By JOHN PURCELL
Recorder News Staff
Representatives from the Fort Plain Museum made a presentation to the Montgomery County Legislature last week regarding a new marketing effort to bring tourism to the county.
Norm Bollen, an organizer of the Mohawk Country initiative, delivered a presentation to the legislature at the Feb. 14 meeting about the initiative, which would seek to promote, preserve and protect historic sites throughout the county. The campaign could also potentially stretch into Fulton County to market historical assets in both counties.
“Montgomery County is blessed that we have a multitude of historic sites, but we haven’t always taken very good care of them,” Bollen said.
Bollen said unlike Colonial Williamsburg where a lot of history is condensed to a small location, Mohawk Country unifies historical sites spread across a wider area. He said extensive research has been done on historical sites by prior organizations, but no agency has unified efforts recently.
Bollen said he looking to get official recognition from the legislature, which would provide a good marketing tool and add importance to the initiative.
“This is something that makes sense for this county,” Bollen said.
He suggested forming a committee to work in partnership with the chamber on taking ideas of Mohawk Country and incorporating it with ongoing tourism efforts in the county.
Legislature Chairman Roy Dimond said he believed the county could assist the organization with grant applications to secure funding, such as possibly through the state’s consolidated funding application (CFA) process.
“If we could put a plan together and talk about a CFA that maybe I could work with some people on, then I think that would be real icing on the cake if we could make something happen for all these sites,” Bollen said.
County Executive Matthew Ossenfort said after the presentation the county must build upon its strengths, which includes Revolutionary War historical sites.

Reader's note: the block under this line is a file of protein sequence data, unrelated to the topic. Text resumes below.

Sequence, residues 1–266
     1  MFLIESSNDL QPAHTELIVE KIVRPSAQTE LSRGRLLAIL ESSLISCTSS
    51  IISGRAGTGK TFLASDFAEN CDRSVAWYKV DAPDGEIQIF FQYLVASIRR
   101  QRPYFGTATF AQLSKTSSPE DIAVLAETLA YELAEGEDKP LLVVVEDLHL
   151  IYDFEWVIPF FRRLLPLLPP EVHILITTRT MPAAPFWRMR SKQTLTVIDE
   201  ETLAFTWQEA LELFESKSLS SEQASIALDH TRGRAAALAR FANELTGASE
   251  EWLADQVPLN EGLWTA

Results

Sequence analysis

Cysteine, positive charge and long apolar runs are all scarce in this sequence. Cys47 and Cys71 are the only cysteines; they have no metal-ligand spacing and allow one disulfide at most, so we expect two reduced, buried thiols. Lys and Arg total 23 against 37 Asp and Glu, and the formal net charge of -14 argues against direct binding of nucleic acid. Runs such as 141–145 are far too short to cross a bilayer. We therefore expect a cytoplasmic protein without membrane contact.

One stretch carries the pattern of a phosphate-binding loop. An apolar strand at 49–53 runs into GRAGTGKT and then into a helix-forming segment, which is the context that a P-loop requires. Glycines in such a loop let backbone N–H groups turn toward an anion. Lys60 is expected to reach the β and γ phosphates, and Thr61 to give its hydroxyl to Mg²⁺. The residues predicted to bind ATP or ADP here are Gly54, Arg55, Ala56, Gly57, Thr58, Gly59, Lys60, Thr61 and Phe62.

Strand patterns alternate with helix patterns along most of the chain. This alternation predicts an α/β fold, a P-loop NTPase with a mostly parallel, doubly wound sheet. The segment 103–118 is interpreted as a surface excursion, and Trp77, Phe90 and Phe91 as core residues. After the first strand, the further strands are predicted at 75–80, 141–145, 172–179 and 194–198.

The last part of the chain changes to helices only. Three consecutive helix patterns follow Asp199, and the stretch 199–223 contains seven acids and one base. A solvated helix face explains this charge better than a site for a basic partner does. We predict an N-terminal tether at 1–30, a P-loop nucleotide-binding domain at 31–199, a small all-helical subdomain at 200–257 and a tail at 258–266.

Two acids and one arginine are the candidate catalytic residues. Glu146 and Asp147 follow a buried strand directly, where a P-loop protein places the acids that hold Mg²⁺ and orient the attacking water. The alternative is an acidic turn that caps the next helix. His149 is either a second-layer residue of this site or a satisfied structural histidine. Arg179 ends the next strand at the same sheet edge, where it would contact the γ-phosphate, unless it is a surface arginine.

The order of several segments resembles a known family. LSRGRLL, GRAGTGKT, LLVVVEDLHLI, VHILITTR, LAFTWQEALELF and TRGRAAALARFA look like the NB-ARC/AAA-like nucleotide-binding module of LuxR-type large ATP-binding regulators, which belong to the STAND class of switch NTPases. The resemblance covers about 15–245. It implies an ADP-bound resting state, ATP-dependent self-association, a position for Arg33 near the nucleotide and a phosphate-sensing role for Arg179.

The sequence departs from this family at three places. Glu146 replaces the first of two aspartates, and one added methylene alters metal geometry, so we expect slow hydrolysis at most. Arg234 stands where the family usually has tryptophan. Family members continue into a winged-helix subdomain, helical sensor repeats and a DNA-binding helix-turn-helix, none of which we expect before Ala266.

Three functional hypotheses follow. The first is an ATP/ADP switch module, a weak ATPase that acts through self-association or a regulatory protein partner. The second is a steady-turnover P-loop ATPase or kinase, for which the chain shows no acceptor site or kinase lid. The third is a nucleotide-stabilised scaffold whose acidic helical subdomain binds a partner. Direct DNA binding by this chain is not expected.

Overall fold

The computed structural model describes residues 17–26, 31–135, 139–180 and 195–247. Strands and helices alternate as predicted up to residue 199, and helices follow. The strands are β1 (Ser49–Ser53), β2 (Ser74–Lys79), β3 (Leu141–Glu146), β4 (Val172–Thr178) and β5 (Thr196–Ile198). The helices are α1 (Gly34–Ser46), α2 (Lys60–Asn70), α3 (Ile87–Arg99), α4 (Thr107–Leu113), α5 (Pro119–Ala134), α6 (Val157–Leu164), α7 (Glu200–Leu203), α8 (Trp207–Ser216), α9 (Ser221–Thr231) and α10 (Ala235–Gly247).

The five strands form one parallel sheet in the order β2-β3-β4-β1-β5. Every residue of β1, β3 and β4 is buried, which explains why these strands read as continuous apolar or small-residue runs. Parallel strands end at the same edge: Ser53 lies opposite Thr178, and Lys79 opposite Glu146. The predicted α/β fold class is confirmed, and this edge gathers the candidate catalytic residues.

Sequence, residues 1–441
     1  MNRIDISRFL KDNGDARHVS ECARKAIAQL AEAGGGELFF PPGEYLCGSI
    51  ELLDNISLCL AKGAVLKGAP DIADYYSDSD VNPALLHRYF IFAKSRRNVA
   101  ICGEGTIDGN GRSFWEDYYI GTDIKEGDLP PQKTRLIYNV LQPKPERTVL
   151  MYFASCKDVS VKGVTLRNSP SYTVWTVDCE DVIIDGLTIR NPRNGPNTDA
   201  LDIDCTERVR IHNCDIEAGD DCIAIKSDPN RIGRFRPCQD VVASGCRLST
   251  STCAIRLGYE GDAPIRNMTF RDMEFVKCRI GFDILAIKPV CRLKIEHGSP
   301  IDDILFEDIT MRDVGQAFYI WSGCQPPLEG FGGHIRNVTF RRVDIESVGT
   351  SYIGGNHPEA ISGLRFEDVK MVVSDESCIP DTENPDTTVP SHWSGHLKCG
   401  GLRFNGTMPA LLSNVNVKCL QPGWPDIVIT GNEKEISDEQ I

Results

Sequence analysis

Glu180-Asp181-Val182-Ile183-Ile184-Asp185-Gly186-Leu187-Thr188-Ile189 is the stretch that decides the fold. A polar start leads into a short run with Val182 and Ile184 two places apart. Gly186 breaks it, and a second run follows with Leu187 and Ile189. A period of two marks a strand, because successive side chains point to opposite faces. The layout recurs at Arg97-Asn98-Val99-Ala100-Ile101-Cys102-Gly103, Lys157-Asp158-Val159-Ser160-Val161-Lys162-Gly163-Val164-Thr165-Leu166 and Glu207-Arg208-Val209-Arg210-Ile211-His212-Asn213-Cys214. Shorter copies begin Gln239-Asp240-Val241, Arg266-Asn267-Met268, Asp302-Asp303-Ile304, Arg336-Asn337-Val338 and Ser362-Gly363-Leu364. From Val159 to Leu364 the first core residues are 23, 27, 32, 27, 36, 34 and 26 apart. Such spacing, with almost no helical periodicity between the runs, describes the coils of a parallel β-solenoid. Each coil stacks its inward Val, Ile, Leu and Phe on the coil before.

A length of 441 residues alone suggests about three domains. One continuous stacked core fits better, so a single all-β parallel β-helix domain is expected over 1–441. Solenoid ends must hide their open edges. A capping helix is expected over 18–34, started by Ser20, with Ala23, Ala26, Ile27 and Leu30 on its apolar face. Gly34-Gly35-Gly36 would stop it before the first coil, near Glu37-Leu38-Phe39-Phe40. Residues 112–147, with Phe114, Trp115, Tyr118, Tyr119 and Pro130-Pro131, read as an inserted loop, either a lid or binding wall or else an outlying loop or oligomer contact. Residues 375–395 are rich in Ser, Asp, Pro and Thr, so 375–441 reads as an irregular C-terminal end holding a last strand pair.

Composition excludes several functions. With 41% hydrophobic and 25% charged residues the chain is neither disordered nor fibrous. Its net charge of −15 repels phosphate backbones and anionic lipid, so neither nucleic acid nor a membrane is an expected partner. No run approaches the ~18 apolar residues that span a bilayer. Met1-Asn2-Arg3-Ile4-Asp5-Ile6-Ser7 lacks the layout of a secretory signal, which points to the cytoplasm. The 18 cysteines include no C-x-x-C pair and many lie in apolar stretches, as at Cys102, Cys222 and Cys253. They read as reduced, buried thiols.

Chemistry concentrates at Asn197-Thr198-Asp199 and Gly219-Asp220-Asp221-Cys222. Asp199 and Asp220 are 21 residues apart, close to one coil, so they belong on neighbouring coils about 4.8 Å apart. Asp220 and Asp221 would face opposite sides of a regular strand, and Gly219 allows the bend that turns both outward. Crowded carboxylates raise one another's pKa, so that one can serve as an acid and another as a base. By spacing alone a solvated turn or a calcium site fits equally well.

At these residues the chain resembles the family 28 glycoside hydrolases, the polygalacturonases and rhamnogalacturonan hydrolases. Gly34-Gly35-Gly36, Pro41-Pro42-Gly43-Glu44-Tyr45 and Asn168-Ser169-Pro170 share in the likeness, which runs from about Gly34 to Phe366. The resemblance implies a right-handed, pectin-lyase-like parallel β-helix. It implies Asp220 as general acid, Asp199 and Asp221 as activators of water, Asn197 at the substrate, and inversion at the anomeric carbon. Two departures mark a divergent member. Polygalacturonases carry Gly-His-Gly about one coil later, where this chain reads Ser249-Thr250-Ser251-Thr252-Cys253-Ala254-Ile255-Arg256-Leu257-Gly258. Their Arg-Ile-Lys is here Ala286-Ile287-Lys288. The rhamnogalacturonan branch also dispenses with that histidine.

“If you’ve never seen the busses of people that come in to visit these sites, you might think nobody ever goes to these places but they do,” Ossenfort said. “You have to make it easier and more attractive for people to do that and have them not only visit the site, but stop at a restaurant and have a bite to eat.”
Ossenfort said he believed the county could work together with the organization to build upon the proposal in the future.
District 6 Legislator John Duchessi asked Bollen why tourism for Revolutionary War attractions is not as great as CIvil War attractions. Bollen said he didn’t have a solid reason but the Civil War had a bigger role in American history in terms of the amount of combatants, casualties and states affected.
The Mohawk Country initiative would be separate from the Fulton Montgomery Regional Chamber of Commerce’s tourism program for the county, but Bollen said he has worked with the chamber on existing efforts. While the initiative originally started to promote the Fort Plain Museum, it has grown to include historical sites across Montgomery and Fulton counties.
Gina Dabiere-Gibbs, tourism director for Fulton Montgomery Regional Chamber of Commerce, said if legislators and the county executive want to incorporate Mohawk Country into its tourism efforts then there would need to be discussions. She said the brand “made of something stronger” would have to be worked into Mohawk Country efforts. She said there would also have to be discussions with other parties affected by the proposed promotion initiative.